Day 13: As summer heats up here, I am thankful for my hammock more and more everyday. When I first came to SA, I pondered about whether I should bring my Mexican hammock or not. It’s heavy and somewhat big, and I didn’t know if I would have a place to hang it. So I reluctantly left it at home, and regretted it as soon as I saw my exposed beams at site and felt the heat of an African summer.Fast forward a year, to my visit home last June. One of the first things I did was to dig through packed up stuff until I found my hammock, and it was priority number one on my packing list. I quickly hung it up in my room upon returning to site, and have used it a lot since then. It’s sooooo cool and relaxing, and when I have visitors, I sleep in it and let them have my bed (unless they REALLY want to sleep in it). When Tumi visited, I don’t think she got out of it for hours on end! 😉 I’ve spent so much time in it in the past week, since it’s gotten hot, and it’s been amazing.
Day 14: Even though it’s something almost every PCV in SA has, I am grateful to be at a site with electricity. I know some people romanticize the PC image of a night spent reading by candlelight, but this is the 21st century, and electricity is pretty standard for PCVs worldwide. That being said, I have spent some nights reading by candlelight. My electricity is far from stable, and high winds, rain, or nothing at all can knock it out for an undetermined amount of time. Regardless, I am very grateful to have electricity. I am glad I don’t have to stoke a fire to warm up water in the morning, or rely on paraffin to cook food. I’m glad I can turn my light on to battle bugs and other such critters, rather than fear the unknown in the dim candlelight. And I’m glad I usually don’t have to worry about knocking over my candle and setting my room on fire.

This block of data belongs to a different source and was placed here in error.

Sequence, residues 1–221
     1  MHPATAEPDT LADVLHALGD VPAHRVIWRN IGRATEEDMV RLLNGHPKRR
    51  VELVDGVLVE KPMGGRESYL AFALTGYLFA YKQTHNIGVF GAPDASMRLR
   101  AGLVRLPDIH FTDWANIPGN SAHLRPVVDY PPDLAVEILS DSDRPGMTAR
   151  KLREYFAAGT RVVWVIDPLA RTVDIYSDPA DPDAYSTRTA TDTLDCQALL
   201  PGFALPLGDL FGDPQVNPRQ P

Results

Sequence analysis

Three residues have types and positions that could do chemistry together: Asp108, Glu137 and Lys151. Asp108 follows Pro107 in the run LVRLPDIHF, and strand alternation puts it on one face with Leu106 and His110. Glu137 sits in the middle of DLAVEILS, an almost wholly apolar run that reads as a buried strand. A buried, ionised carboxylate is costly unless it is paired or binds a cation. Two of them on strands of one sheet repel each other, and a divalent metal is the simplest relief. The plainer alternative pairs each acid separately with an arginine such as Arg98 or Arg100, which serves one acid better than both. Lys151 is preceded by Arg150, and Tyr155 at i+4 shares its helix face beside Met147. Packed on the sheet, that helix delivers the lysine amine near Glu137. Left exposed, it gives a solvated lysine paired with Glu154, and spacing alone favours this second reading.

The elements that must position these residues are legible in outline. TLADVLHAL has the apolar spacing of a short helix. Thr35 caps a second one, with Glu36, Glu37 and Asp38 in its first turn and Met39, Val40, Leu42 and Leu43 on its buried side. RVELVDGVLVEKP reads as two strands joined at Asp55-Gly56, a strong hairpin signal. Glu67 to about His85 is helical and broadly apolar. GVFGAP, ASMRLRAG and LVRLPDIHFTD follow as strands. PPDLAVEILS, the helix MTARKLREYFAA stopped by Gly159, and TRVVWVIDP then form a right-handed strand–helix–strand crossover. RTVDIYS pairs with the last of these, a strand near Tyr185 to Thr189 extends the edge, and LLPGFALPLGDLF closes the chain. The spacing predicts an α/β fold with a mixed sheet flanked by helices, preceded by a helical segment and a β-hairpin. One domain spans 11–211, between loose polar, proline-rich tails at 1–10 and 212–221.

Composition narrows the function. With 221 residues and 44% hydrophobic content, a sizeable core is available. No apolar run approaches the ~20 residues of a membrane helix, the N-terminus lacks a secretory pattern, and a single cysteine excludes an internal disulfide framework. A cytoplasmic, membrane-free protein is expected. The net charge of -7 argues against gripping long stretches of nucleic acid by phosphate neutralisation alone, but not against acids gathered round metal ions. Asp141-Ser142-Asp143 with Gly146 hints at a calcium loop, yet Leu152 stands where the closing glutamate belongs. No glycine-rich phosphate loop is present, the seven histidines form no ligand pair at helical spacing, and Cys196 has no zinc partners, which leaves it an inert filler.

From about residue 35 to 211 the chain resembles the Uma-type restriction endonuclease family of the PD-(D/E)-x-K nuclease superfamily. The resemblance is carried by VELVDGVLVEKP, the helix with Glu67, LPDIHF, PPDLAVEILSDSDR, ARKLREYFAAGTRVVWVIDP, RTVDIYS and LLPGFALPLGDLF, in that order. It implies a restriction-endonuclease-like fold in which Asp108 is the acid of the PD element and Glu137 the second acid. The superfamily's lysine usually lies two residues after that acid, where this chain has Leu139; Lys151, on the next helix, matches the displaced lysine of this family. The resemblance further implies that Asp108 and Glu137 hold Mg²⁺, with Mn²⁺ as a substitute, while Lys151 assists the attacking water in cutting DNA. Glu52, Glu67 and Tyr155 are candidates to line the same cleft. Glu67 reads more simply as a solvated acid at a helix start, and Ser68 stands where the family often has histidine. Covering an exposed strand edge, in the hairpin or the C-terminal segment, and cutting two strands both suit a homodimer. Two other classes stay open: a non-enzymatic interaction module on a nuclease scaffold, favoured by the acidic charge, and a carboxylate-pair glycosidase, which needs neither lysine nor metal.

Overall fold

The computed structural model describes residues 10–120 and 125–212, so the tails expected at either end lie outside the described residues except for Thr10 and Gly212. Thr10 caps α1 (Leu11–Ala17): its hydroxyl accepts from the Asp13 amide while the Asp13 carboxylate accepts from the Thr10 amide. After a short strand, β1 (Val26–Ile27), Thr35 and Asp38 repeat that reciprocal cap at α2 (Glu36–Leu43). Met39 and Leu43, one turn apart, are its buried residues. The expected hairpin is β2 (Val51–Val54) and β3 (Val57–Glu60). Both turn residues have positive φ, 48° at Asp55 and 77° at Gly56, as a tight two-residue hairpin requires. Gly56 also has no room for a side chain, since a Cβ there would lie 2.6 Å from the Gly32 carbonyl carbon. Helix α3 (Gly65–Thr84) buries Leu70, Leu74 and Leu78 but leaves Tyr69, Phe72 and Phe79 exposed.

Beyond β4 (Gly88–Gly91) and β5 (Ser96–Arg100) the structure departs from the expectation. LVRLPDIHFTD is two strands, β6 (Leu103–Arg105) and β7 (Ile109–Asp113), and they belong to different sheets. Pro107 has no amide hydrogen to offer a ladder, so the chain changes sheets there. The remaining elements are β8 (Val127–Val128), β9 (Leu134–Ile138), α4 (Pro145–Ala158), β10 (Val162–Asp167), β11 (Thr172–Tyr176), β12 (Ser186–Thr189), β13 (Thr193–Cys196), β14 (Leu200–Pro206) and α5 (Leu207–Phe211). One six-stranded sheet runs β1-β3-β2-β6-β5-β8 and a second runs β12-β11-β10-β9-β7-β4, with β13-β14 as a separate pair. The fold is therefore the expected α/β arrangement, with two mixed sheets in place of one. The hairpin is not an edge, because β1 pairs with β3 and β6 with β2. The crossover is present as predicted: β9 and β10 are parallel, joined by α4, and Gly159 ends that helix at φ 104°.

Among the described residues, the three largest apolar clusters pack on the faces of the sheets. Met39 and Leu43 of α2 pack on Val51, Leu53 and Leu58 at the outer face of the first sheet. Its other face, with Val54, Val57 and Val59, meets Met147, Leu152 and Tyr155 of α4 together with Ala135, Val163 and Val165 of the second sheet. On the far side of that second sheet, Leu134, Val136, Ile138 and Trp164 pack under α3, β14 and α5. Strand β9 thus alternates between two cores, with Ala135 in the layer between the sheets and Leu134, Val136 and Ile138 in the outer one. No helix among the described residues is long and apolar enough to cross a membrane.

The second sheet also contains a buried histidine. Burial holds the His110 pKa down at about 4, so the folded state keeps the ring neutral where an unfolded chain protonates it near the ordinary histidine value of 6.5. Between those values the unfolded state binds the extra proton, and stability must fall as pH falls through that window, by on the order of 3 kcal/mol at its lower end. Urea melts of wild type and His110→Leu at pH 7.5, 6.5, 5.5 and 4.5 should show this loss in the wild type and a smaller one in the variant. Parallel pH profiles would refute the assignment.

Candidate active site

But I really do get a kick out of having a Laura-Ingalls-Wilder-esque candleholder, one with a handle to carry around with me. Oh Peace Corps!